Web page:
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Unix --> Files and Directories


There are a number of methods for specifying which directory and file you are interested in. Pathnames (the directory specification) can be relative or absolute. Absolute pathnames begin with a slash, /, and start at the root directory. Successive directories down the path are also separated by a slash. In the previous paragraph I gave the absolute pathname of my home directory. Each subdirectory is a branch in the directory tree.

A relative pathname begins with the directory you are in (commonly referred to as working directory) and moves downward to a lower directory. Relative pathnames begin with the name of the first directory below the working directory. Each lower directory down the path should have a slash in front of it. Assuming I was in the /home directory, cernan/taylor would be the relative pathname to my home directory. A "." indicates the working directory, while ".." indicates the directory one level up (known as the parent directory). If I were in my home directory, the relative pathname for the /home directory would be ../.. which says go to the "grandparent" directory two directories higher than you are now.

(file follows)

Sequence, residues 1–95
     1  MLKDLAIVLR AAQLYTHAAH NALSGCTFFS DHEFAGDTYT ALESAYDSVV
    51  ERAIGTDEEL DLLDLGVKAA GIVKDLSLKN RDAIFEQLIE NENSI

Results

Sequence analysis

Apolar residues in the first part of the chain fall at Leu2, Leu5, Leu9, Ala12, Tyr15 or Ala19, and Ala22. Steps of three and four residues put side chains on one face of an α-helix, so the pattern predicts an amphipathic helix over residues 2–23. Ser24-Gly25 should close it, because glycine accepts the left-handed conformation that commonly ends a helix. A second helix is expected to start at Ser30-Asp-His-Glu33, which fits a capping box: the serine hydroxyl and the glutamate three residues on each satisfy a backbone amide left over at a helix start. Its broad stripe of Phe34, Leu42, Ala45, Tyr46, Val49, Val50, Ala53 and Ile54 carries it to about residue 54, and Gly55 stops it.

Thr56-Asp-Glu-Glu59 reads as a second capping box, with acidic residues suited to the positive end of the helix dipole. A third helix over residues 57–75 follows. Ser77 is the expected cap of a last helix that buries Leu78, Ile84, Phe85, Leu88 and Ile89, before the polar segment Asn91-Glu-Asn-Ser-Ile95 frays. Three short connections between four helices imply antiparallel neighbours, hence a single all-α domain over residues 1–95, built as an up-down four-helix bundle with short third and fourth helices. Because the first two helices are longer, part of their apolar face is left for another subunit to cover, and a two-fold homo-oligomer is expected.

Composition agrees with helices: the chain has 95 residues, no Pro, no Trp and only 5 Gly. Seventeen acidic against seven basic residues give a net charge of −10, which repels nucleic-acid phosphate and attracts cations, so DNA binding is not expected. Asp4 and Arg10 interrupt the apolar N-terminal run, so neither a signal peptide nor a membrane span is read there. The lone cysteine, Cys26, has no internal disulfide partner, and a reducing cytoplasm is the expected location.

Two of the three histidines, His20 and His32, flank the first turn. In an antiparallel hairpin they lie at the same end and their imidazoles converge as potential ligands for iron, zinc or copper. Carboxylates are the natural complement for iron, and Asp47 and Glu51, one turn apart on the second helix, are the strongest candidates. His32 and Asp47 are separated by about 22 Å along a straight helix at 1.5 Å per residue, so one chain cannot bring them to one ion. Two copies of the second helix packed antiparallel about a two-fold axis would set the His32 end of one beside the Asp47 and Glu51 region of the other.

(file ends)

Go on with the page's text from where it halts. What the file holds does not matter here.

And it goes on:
Naming files and directories

In general, file and directory names should be composed only of letters of the alphabet, digits, "."'s, and "_"'s. Be aware that files that begin with a "." do not appear in the directory list unless a special flag has been set when doing the list command.

The period is often used to add a suffix on to a base filename. For example, the source code for C programs have a .c suffix added to them, e.g. prog.c. Separating a filename by a "." is particularly useful when using wildcard selections.

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© 1993-2001 Christopher C. Taylor